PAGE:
The recent sled test, conducted with a 103-pound mannequin, is the latest sign that the JPO can make good on its promise to finish the three design fixes by November, allowing the military services to lift restrictions on lightweight pilots flying the F-35....

...The prototype helmet tested last month weighs about 4.63 pounds, approximately 6 ounces lighter than the original Gen III helmet, and is designed to ease some strain on smaller pilots' necks during ejection.

Although the March 31 test was the first test of the new helmet, the JPO, Lockheed Martin and seat-maker Martin Baker have conducted at least seven other tests with the latest version of the seat, which is equipped with two modifications designed to reduce risk to pilots. The fixes to the ejection seat itself include a switch for lightweight pilots that will delay deployment of the main parachute, and a “head support panel,” a fabric panel sewn between the parachute risers that will protect the pilot’s head from moving backward during the parachute opening.

The program office has about another 10 tests planned, which will use a mix of low-, middle- and high-weight mannequins...."

Source: http://www.defensenews.com/story/defens ... /83230588/
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Unread post19 Apr 2016, 20:09

:D :D :D
We must have seen the article at the same time. I was just a little faster. :mrgreen:
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Unread post19 Apr 2016, 20:13

:mrgreen: :roll: But your formatting is non-existent. Wot about the details of origin/author/date etc. :doh: 8)
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Unread post19 Apr 2016, 21:34

Backup HUD function on the left PCD: https://youtu.be/WQE2mnpTrx0?t=10m38s
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Unread post19 Apr 2016, 22:46

zerion wrote:First Light F-35 Helmet Test A Success


— ... can qualify and implement all three fixes to the jet’s escape system by the end of the year....


Question??... since the only pilot <136# was moved to the F-22 program, will that pilot now return to the F-35 program??? :D ...(opinion) .as a pilot, not likely; as a politician, probably..... :wink:

...how do "light" pilots eject from the F-22??...other than "carefully"... :roll:
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Unread post19 Apr 2016, 23:03

neptune wrote:
zerion wrote:First Light F-35 Helmet Test A Success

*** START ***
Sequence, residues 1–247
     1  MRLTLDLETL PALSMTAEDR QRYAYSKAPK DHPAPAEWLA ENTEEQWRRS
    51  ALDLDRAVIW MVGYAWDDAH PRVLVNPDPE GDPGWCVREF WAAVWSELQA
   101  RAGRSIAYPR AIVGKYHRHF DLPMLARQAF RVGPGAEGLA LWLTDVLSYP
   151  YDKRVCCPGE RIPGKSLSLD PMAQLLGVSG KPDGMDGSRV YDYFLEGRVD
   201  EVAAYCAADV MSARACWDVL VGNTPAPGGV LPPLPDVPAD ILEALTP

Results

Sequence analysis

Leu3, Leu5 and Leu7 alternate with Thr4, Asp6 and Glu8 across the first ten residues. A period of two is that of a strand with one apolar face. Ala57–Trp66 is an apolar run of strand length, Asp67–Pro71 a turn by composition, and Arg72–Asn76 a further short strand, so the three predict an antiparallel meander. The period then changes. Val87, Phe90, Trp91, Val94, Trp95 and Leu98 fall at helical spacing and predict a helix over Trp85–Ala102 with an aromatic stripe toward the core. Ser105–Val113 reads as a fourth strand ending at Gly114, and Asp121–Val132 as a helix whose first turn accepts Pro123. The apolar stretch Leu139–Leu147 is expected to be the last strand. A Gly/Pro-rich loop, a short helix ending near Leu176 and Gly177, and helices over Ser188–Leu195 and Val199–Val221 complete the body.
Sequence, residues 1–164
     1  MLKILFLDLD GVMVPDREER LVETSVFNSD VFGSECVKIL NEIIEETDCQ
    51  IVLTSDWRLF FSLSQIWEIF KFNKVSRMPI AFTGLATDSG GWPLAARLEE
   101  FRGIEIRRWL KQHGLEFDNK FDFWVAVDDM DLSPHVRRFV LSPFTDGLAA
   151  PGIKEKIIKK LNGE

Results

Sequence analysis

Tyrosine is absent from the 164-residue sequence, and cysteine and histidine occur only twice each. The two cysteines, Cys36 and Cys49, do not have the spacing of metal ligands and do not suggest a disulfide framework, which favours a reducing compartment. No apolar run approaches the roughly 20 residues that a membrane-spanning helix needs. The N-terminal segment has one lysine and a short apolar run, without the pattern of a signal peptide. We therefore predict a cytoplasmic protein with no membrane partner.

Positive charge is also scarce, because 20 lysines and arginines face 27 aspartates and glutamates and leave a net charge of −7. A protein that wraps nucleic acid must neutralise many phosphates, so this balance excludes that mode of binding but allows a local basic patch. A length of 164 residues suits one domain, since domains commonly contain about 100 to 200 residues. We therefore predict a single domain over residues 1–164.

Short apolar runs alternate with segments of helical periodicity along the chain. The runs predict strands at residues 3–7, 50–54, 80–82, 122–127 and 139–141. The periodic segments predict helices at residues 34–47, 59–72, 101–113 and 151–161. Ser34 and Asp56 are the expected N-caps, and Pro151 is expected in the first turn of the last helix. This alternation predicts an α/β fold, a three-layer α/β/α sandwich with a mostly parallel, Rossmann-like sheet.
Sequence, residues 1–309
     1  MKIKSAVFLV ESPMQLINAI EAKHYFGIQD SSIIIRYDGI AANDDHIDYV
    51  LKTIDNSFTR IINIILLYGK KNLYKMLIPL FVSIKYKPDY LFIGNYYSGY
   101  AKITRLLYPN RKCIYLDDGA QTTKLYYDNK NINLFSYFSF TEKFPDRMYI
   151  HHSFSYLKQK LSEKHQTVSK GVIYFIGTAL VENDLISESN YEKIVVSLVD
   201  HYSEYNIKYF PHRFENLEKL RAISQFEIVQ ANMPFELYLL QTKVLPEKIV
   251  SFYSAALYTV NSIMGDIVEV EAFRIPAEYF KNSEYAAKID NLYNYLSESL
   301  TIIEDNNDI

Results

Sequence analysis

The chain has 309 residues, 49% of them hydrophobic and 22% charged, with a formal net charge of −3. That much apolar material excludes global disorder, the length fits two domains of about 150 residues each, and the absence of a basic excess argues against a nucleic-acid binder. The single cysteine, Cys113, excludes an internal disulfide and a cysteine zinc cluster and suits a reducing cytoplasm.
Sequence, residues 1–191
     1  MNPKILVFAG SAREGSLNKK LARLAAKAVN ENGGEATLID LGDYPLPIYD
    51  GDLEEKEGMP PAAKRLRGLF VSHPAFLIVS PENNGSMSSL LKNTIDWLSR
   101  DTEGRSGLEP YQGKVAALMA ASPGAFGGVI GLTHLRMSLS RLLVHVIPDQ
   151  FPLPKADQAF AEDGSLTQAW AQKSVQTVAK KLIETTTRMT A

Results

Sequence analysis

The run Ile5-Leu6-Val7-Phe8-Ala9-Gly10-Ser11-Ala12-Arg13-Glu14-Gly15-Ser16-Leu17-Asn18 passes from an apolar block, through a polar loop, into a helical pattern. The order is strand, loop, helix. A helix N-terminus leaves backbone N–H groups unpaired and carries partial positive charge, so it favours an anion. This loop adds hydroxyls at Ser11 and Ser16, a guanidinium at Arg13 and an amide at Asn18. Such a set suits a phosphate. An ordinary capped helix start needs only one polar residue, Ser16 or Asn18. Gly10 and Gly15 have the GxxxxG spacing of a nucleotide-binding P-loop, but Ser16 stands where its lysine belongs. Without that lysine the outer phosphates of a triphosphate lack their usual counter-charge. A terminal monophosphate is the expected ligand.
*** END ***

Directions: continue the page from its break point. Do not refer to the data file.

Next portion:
— ... can qualify and implement all three fixes to the jet’s escape system by the end of the year....


Question??... since the only pilot <136# was moved to the F-22 program, will that pilot now return to the F-35 program??? :D ...(opinion) .as a pilot, not likely; as a politician, probably..... :wink:

...how do "light" pilots eject from the F-22??...other than "carefully"... :roll:

That lightweight F-22 pilot may return to the F-35 in future (after F-22 training & experience) but they may put on weight and become too heavy for the F-35 then they will go to a happy warty future? Lighties must be able to eject from an F-22 otherwise why would they be there - except to put on weight etc.
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Unread post20 Apr 2016, 00:36

spazsinbad wrote::mrgreen: :roll: But your formatting is non-existent. Wot about the details of origin/author/date etc. :doh: 8)

:oops: I am ashamed, I will do better. :oops:
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Unread post20 Apr 2016, 01:05

From the TubeYou Video above by 'tazcan': https://youtu.be/WQE2mnpTrx0?t=10m38s :devil: Arm Me Up, Arm Me Up - IF you arm me up I'll never stop, never stop, never never never stop ( :mrgreen: apolylogies to the 8) Strolling Bones 'Start Me Up'). :roll:
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Unread post08 May 2016, 06:38

Anuvver Wery OLDie But Goldie....
Rockwell Collins and Elbit show off F-35 Gen III helmet at Farnborough
15 Jul 2014 SAE International

"...Speaking to his own experience Al Norman, F-35 Chief Test Pilot, said the new helmet gives him "the choice of what I see, the choice of what to do. When I plug in my HVI [helmet vehicle interface] cable, I truly become one with the aircraft."

The system provides a lightweight HMD, with optimized center of gravity and maximum comfort for reduced pilot fatigue. Everything about the F-35 Gen III HMDS is designed to enhance the fighter pilot’s precision, efficiency, and safety, while reducing the overall cost of the program, says Rockwell. The Gen III design includes improved optics, image device and backlight, along with enhanced head tracking capability and the next-generation Night Vision Camera, providing equivalent performance to ANVIS-9 NVGs (night vision goggles).

Norman says the system eliminates the need to decide when or if to wear NVGs, "turning night into day. It's like having six eyeballs [due to the plane's six cameras]. Everywhere I am I have my symbology with me." He added that pilots can use either the stick or the touch-screen glass to change the option of their view and amount of information from the helmet...."

Source: http://articles.sae.org/13362/
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Unread post26 May 2016, 03:56

Might be a little basic for some of you, but I found this video had some interesting tidbits from the pilot on the helmet and voice commands:
https://www.facebook.com/gizmodo/videos/10154201867643967/
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Unread post26 May 2016, 05:26

[bump over spam]